El Niño, the warm phase of the Pacific Ocean’s temperature cycle, is expected to make a significant impact on weather patterns around the world this year. With the potential to break heat records, energize rainfall in South America, intensify drought in Africa, and disrupt the global economy, it has already been implicated in early-season heat waves in Asia. Clearly, the effects of this anticipated El Niño are far-reaching and cannot be ignored.
It is important to consider the significant financial and human toll that the impending El Niño phenomenon will bring. The devastating effects of the 1997-98 El Niño, which was one of the most severe on record, resulted in staggering income losses of $5.7 trillion across numerous countries, and was also attributed to the loss of 23,000 lives due to intensified storms and floods. It is imperative that we take proactive measures to mitigate the potential impact of this upcoming El Niño event.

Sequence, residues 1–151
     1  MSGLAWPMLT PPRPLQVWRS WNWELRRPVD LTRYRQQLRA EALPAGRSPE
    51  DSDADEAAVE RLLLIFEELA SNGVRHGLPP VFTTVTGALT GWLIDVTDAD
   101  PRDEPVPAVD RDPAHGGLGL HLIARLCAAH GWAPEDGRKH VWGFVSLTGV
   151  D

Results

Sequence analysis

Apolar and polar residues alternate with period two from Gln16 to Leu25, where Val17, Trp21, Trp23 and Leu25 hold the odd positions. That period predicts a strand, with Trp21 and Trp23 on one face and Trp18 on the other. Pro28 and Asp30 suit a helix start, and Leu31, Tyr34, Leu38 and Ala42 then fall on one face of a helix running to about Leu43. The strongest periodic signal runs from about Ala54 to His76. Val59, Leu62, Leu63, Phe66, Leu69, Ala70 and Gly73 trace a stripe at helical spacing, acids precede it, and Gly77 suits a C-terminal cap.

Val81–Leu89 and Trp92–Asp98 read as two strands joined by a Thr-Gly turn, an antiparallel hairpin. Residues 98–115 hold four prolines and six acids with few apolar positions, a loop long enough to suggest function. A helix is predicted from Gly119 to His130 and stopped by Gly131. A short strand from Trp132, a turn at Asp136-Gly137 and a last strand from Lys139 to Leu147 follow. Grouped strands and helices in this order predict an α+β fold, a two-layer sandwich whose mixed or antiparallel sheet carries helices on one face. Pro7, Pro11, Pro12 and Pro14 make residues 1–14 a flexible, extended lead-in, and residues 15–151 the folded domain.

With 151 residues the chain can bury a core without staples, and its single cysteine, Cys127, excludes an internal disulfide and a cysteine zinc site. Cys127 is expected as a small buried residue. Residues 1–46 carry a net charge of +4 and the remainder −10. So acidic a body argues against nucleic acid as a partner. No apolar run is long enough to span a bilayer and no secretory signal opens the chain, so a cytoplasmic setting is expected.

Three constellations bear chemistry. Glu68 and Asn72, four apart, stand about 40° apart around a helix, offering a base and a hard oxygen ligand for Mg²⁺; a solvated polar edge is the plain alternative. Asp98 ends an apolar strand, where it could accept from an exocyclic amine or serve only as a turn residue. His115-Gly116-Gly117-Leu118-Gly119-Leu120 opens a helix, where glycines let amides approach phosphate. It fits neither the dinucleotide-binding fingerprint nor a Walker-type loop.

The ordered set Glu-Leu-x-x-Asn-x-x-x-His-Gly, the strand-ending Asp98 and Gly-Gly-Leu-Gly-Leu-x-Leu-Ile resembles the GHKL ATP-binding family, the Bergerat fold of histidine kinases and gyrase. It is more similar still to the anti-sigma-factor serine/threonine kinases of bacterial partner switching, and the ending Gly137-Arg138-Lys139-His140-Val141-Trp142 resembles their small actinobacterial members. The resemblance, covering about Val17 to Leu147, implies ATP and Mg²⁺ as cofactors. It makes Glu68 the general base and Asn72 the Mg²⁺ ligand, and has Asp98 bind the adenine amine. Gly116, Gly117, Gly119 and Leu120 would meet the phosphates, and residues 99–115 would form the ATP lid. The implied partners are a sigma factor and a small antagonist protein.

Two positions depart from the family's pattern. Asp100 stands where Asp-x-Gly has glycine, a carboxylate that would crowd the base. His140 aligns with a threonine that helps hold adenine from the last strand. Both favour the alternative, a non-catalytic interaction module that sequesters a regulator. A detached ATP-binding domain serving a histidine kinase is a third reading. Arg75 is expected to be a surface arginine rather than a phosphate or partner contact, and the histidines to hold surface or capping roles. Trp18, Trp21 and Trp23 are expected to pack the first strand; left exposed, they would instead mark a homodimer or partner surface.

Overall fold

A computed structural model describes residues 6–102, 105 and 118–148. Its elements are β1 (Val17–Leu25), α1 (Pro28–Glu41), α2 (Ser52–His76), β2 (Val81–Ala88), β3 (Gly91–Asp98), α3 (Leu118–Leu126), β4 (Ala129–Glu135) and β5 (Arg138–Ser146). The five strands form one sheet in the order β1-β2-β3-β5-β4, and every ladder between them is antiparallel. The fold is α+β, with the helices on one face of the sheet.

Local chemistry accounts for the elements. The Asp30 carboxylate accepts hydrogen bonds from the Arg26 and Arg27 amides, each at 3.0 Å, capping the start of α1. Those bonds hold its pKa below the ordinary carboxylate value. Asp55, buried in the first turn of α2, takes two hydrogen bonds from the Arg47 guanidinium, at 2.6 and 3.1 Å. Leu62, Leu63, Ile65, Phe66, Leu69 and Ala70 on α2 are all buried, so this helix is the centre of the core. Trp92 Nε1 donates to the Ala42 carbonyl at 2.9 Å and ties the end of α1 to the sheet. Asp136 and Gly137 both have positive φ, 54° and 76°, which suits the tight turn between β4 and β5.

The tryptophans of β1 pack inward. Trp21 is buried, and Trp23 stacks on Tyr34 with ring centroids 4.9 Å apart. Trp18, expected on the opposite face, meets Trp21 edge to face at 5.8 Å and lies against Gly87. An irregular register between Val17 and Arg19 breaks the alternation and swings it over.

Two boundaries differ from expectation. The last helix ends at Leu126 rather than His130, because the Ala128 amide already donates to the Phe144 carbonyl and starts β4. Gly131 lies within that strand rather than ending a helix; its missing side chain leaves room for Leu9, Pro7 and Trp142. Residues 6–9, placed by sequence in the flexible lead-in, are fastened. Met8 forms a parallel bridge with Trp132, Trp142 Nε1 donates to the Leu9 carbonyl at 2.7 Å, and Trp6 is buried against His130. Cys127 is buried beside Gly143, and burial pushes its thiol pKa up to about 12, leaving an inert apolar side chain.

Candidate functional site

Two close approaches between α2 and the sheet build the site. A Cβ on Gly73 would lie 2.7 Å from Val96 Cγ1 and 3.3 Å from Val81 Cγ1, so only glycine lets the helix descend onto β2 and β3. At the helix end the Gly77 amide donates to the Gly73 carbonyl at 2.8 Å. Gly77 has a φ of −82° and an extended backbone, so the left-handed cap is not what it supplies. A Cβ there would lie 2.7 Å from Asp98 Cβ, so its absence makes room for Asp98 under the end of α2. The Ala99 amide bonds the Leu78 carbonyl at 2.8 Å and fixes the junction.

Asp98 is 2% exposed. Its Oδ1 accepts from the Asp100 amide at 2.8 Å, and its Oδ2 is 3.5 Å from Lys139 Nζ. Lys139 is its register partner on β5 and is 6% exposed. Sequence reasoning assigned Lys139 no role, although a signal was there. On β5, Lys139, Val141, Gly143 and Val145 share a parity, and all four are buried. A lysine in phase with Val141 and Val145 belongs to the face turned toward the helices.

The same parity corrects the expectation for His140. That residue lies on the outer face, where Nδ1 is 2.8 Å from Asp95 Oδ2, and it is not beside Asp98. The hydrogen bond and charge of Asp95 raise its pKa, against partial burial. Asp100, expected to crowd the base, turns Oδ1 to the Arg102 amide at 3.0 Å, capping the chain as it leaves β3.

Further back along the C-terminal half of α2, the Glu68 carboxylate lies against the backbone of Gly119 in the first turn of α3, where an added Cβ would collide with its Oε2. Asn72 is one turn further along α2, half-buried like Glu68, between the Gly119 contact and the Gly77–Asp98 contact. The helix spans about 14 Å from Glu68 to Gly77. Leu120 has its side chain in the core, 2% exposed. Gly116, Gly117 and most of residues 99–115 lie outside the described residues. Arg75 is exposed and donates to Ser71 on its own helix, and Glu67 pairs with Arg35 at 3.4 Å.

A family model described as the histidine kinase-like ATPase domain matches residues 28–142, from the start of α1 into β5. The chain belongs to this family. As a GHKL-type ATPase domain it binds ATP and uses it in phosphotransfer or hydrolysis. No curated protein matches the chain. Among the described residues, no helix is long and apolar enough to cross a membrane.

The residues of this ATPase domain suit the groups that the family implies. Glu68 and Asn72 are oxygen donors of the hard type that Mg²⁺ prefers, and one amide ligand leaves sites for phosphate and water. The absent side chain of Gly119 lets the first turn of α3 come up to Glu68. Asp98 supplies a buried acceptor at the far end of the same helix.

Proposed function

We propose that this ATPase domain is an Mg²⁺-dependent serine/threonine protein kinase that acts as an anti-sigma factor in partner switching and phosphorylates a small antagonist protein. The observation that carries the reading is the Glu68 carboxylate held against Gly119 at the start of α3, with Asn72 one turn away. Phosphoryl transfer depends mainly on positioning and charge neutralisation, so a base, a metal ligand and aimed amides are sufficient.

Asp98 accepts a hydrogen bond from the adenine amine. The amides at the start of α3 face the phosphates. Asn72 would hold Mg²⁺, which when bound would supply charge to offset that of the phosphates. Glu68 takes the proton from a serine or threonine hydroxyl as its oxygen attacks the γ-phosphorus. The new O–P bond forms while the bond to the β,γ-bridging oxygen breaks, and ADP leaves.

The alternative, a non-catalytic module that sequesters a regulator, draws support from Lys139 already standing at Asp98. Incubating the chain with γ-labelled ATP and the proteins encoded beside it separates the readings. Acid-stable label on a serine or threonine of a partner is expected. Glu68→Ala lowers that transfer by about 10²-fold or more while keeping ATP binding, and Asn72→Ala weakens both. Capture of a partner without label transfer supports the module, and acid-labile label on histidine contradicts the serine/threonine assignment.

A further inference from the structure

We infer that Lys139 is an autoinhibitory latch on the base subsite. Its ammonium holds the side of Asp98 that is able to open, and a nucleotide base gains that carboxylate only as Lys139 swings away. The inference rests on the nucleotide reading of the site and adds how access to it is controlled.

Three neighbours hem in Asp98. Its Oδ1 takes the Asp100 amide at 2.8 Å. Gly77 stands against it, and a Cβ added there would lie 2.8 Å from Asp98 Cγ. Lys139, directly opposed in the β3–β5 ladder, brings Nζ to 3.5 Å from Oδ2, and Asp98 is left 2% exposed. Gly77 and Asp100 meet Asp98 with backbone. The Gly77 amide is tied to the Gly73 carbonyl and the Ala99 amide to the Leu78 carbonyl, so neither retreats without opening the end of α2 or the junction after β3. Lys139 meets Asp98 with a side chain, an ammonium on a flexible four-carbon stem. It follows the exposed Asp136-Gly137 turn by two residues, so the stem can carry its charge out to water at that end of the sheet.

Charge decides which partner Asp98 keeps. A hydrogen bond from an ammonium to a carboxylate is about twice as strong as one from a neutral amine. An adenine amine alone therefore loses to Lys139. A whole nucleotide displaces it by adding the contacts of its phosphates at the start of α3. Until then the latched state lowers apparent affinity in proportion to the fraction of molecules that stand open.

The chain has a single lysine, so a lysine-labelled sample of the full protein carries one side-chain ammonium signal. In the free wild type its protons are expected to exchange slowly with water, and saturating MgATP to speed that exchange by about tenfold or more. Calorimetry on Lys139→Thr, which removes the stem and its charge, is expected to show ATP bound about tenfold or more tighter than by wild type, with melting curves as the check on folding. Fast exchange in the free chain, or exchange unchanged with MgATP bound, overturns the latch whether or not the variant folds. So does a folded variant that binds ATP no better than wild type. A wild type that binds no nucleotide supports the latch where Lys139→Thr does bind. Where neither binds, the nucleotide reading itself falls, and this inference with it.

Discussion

As temperatures continue to climb, the potential for exacerbating these effects looms large. Consequently, forthcoming El Niño occurrences have the potential to generate economic losses of up to $84 trillion by the close of the century.
The vast oceans of our planet serve as a grand thermal reservoir, absorbing a substantial 90 percent of the heat generated by human activity through the combustion of fossil fuels. Of notable mention is the Pacific Ocean, which is showing an alarming increase in temperature at a rapid pace.
The vast amount of energy concentrated within the ocean has the power to revolutionize the world, giving rise to abundant convection and thunderstorm activity in a region that typically experiences less of it.
Scientists are currently in the process of determining the manner in which this additional warmth will be disseminated throughout the ocean and how it will modify the atmosphere, resulting in varying levels of precipitation, drought, and severe weather in different regions.
As we brace ourselves for an upcoming scorching summer, there is no need for us to succumb to the fatal consequences that may ensue. By utilizing advanced technologies like early warning systems, fortified disaster shelters, strategic evacuation plans and climate-resilient building regulations, we can effectively mitigate the human toll and ensure a safe and secure season ahead.
Reference – Vox, National Geographic, UNEP website, NOAA website, Journal Science